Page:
Ancient panda bear teeth found in Hungary could prove the mammal originated from Europe
Scientists have found a set of fossil teeth from 10 million years ago in the town of Rudabánya, Hungary that resemble those of a panda bear
Scientists have found a set of fossil teeth from 10 million years ago in the town of Rudabánya, Hungary that resemble those of a panda bear.
According to New Scientist, the bear lived in what’s now Hungary and adds to evidence that pandas originated in Europe, not Asia.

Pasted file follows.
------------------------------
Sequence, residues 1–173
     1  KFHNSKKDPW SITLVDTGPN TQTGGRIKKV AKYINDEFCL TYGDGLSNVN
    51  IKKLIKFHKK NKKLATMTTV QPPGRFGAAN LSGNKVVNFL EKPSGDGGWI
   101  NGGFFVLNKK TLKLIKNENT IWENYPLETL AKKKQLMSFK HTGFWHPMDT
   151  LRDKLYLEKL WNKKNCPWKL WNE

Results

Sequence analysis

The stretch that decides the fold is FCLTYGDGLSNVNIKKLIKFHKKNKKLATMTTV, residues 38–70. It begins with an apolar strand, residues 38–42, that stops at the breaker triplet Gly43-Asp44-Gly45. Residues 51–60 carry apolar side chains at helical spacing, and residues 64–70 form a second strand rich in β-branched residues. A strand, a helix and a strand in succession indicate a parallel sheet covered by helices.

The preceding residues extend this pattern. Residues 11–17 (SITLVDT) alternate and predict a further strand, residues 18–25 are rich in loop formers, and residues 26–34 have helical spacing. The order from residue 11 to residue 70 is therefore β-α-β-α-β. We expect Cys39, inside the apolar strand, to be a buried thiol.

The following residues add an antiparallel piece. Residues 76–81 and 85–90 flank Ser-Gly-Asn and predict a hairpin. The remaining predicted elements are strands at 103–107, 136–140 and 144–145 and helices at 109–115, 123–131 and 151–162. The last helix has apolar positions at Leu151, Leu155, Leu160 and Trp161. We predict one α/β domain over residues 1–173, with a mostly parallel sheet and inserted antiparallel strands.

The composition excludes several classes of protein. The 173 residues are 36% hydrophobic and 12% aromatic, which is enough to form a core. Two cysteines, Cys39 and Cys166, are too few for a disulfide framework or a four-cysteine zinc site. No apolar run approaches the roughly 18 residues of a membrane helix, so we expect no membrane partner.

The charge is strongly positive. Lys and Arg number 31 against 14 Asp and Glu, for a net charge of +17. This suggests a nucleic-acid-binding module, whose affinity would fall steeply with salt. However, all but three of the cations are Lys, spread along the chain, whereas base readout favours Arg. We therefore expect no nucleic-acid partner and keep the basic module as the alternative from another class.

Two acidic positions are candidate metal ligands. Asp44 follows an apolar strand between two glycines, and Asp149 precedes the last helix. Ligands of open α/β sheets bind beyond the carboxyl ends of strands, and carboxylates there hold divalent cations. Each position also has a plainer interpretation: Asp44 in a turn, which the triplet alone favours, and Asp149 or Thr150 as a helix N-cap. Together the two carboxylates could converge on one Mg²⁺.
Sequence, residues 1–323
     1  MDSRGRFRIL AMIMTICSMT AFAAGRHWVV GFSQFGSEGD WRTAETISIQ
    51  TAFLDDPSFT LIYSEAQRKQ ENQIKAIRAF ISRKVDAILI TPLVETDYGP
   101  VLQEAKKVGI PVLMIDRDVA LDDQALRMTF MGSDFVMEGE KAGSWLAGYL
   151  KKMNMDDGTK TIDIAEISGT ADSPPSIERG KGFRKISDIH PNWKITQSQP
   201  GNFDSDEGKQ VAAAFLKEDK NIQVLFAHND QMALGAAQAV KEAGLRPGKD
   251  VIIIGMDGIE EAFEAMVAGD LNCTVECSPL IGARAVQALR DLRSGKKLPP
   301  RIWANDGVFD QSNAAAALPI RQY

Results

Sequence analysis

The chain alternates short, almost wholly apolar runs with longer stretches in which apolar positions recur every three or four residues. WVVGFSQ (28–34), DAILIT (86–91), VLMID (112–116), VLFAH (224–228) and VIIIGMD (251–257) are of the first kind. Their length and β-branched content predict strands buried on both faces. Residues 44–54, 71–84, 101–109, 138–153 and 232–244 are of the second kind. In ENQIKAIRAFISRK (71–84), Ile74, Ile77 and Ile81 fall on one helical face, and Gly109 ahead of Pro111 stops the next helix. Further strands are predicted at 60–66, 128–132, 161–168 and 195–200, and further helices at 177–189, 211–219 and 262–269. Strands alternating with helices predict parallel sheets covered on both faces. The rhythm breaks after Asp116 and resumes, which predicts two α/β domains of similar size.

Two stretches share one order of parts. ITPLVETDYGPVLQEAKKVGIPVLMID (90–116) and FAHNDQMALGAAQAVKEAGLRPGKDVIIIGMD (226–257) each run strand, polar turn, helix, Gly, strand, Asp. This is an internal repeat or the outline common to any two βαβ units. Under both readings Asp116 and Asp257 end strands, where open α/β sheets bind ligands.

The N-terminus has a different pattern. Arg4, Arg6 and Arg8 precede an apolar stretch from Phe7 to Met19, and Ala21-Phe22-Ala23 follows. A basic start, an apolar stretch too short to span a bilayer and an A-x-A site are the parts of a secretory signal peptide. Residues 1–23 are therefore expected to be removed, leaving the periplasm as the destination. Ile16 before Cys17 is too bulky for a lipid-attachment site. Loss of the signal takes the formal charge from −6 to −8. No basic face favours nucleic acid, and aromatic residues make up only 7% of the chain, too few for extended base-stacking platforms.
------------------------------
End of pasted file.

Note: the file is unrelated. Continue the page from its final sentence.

The giant panda is now only found in forested mountain ranges in central China. It famously eats indigestible bamboo, despite having the digestive system of a carnivore.
Palaeoanthropologist David Begun from the University of Toronto in Canada discovered the teeth while he was looking for ancient hominid bones. The teeth are 10 million-years-old, placing them in the late Miocene.
Begun enlisted the help of Louis de Bonis from the University of Poitiers in France and Juan Abella at the State University Santa Elena Peninsula in Ecuador to support his find.